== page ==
• What kind of theoretical and methodological frameworks for the history of the experiences and memories of war exist in different national academic cultures and disciplines?
• To what extent and in what ways have ideas and theories of the experiences and collective memories of war been transferred not only between the different national scientific communities but also disciplines?

The aim of the workshop is to sharpen awareness of (trans)national discourses on and national differences in the usage of terms and concepts and to develop a theoretical and methodological approach that could be shared by the European project group, which wants to include next to the West European also the East, North and South European perspective.


Friday, November 11, 2005

Registration and Welcome Coffee
10.00 -11:00 a.m.

Welcome and Introduction:
11:00 –11.20 a.m.
PROF. KAREN HAGEMANN (TU Berlin / University of North Carolina at Chapel Hill)

Erfahrung, Experience, Expérience – Comparative Perspectives
11:20 a.m.– 1:30 p.m.
Chair: PROF. KAREN HAGEMANN (TU Berlin / University of North Carolina at Chapel Hill)
PROF. DR. HANS MEDICK (Max Planck Institute for History): The Experience and Memory of the Thirty Years War. Microhistorical views of a macrohistorical event
PROF. HORST CARL (University of Gießen): The History of Experiences of Wars: Theoretical Considerations in Comparison
PROF. ALAN FORREST (University of York): War Experiences and Regional/National Identity Construction

Lunch at the EAB: 1:30–3:00 p.m.

Gedächtnis, Memory, Mémoire in (Trans)National and Interdisciplinary Contexts I
3:00 – 4.40 p.m.
PROF. ETIENNE FRANÇOIS (TU Berlin): Mémoire collective and lieux de mémoire: French Memory Research
DR. ASTRID ERLL (University of Gießen): British approaches to the experience and memory of war
PROF. JOSÉ ALVAREZ JUNCO (University of Complutense, Madrid): Could Memories Get Lost? Collective Memory in Spain

Coffee Break: 4:40 –5:00 a.m.

5:00 – 6.40 p.m.
Chair: PROF. ERICH PELZER (University of Mannheim)
PROF. ALEXANDER MARTIN (Oglethorpe University): Remembering 1812: Russian and Soviet Scholarship on Historical Memory
Dr. Andrzej Nieuwany (Copernikus University Torun/ Pultusk High School of Humanities): Memories of the Napoleonic Wars in Polish/East Europe

7:00 p.m. Dinner at the EAB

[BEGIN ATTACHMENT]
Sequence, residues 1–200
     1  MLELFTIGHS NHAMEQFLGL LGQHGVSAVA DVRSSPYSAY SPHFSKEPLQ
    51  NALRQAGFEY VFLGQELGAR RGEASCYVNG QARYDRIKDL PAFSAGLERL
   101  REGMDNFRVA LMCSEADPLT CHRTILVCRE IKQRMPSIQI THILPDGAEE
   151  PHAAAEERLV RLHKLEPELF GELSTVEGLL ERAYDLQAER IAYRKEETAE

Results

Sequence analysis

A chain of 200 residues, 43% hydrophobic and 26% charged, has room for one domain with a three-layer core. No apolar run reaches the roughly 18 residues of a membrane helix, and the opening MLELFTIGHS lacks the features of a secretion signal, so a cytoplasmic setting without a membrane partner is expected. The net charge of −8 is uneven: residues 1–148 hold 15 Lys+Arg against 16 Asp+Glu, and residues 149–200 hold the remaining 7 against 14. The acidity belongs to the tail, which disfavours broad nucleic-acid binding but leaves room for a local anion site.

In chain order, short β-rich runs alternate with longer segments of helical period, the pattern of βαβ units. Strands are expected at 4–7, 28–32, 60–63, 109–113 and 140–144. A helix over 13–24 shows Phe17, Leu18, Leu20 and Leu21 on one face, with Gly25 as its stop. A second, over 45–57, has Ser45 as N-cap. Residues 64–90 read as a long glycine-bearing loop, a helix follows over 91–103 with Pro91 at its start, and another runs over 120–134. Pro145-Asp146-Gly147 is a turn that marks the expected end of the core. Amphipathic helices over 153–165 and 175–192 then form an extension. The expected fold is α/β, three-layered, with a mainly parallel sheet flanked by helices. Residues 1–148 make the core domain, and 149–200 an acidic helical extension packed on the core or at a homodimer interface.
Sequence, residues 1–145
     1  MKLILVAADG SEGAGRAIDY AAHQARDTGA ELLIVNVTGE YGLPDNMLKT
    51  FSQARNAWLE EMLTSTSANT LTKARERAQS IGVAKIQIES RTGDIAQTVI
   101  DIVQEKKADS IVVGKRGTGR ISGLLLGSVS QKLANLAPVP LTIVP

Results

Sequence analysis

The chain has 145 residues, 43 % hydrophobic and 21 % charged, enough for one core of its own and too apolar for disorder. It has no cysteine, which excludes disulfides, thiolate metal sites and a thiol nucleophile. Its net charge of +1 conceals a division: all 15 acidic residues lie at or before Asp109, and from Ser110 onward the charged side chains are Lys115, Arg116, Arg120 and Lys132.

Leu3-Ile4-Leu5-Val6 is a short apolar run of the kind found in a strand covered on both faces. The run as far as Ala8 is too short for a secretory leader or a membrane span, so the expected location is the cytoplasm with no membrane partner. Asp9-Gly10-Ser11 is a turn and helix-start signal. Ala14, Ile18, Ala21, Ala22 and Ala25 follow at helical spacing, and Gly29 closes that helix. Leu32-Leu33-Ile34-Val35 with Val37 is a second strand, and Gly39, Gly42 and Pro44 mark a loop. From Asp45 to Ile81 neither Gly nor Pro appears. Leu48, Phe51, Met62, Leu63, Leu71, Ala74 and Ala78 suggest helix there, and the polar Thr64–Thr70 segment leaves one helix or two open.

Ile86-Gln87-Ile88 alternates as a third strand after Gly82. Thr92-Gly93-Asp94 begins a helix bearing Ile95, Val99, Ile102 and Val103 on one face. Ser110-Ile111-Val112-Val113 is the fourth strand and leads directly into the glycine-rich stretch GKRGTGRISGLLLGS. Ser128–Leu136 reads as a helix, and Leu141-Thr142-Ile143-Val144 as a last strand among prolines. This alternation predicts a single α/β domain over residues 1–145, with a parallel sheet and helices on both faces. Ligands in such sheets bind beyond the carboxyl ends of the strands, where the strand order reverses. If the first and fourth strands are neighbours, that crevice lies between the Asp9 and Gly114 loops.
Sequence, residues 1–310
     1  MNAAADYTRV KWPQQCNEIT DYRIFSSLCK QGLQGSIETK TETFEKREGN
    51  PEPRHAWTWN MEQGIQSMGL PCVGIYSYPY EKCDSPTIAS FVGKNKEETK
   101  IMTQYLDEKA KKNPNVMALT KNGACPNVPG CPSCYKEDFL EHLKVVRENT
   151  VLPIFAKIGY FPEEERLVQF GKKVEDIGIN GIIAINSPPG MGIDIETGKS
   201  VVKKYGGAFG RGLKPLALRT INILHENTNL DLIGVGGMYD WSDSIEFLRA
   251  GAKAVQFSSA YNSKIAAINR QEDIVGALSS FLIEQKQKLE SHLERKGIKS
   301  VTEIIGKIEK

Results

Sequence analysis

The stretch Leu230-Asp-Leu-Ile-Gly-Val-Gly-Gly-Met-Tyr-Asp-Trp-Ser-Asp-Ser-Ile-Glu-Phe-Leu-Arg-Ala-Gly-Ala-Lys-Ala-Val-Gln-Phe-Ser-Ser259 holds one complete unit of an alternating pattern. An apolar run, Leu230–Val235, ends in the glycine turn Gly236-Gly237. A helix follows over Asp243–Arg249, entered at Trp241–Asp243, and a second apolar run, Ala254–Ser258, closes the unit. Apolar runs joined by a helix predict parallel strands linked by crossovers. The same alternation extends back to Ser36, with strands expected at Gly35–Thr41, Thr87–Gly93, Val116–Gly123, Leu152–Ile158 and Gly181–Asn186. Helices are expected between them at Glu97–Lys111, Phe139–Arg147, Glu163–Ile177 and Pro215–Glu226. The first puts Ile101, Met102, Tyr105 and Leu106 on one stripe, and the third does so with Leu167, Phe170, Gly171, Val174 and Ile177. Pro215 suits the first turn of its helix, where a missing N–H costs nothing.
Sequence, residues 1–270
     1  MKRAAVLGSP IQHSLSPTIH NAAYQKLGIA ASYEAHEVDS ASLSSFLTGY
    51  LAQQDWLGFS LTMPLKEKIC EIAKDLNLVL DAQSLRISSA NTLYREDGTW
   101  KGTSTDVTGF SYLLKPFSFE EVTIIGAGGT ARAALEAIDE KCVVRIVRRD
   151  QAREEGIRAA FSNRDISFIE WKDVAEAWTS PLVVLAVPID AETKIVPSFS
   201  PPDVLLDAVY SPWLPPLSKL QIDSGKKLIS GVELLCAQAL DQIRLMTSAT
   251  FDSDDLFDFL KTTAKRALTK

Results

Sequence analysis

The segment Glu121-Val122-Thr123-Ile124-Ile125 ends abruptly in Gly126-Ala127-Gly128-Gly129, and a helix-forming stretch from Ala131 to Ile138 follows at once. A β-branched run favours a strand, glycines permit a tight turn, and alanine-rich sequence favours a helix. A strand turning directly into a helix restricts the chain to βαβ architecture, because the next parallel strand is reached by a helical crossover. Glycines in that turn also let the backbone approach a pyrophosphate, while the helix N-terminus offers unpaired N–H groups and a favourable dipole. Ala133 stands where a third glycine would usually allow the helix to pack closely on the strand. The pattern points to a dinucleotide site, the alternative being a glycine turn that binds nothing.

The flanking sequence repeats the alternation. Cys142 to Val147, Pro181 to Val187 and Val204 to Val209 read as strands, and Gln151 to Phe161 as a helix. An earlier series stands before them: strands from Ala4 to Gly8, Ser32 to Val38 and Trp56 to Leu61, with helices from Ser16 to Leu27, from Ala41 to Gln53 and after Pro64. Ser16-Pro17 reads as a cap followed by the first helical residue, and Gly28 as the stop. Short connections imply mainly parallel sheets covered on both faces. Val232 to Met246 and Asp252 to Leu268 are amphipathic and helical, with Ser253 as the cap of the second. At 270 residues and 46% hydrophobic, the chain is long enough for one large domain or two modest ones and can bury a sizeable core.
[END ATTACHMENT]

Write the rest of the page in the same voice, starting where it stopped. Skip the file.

Saturday, November 12, 2005

Gedächtnis, Memory, Mémoire in (Trans)National and Interdisciplinary Contexts II
9:30 – 11:20 a.m.
Chair: PROF. BEATRICE HEUSER (Military History Research Institute)
DR. JORG ECHTERNKAMP (Military History Research Institute): Relating Memories - Remembering WW I after the experience of WW II in Germany
MAG.A PHIL. CHRISTINA KLEISER (BKVGE): "Shared memory" and "collective memory"- A critical discussion of two controversial concepts in Avishai Margalit's The ethics of memory

Coffee Break: 11:20 – 11:40 a.m.

Final Discussion:
Roundtable: Transfer and Comparison of (War) Experiences and Memories
11:40 a.m. – 1:00 p.m.
Introductory Comments:
PROF. RICHARD BESSEL (University of York)
PROF. UTE DANIEL (University of Brunswig)
DR. JANE RENDALL (University of York)

Lunch at the EAB: 1:00 – 2:30 p.m.

Registration and Conference Fee:

For lunch and coffee breaks we need to ask for a conference fee of 28,- Euro per day.
The dinner on Friday evening will cost 14,- Euro.
Please register for the workshop and make a reservation for lunch and dinner in advance, because both has to be ordered.
For the registration send an email till November 7, 2005 to the conference assistant Maria Schultz: <>.

Conference Location:
Europäische Akademie Berlin (EAB)
Bismarckallee 46/48
D-14193 Berlin
Tel.: ++ 49 (0)30 - 89 59 51 -0
Fax: ++ 49 (0)30 - 89 59 51 -95

How to get to the EAB:

Contact (announcement)

Dr. Ruth Leiserowitz
DFG-project Nations Borders, Identities. The Revolutionary and Napoleonic
Wars in European Memory (1815-1945)